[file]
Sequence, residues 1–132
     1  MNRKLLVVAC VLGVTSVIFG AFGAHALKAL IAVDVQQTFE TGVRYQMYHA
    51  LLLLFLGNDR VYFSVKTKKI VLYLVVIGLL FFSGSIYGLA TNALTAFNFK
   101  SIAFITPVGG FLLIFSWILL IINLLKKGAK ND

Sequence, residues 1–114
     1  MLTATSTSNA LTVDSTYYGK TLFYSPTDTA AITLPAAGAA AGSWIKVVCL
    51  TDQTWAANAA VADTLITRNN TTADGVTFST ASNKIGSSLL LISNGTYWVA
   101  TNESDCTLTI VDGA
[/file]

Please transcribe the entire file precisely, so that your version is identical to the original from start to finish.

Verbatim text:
Sequence, residues 1–132
     1  MNRKLLVVAC VLGVTSVIFG AFGAHALKAL IAVDVQQTFE TGVRYQMYHA
    51  LLLLFLGNDR VYFSVKTKKI VLYLVVIGLL FFSGSIYGLA TNALTAFNFK
   101  SIAFITPVGG FLLIFSWILL IINLLKKGAK ND

Sequence, residues 1–114
     1  MLTATSTSNA LTVDSTYYGK TLFYSPTDTA AITLPAAGAA AGSWIKVVCL
    51  TDQTWAANAA VADTLITRNN TTADGVTFST ASNKIGSSLL LISNGTYWVA
   101  TNESDCTLTI VDGA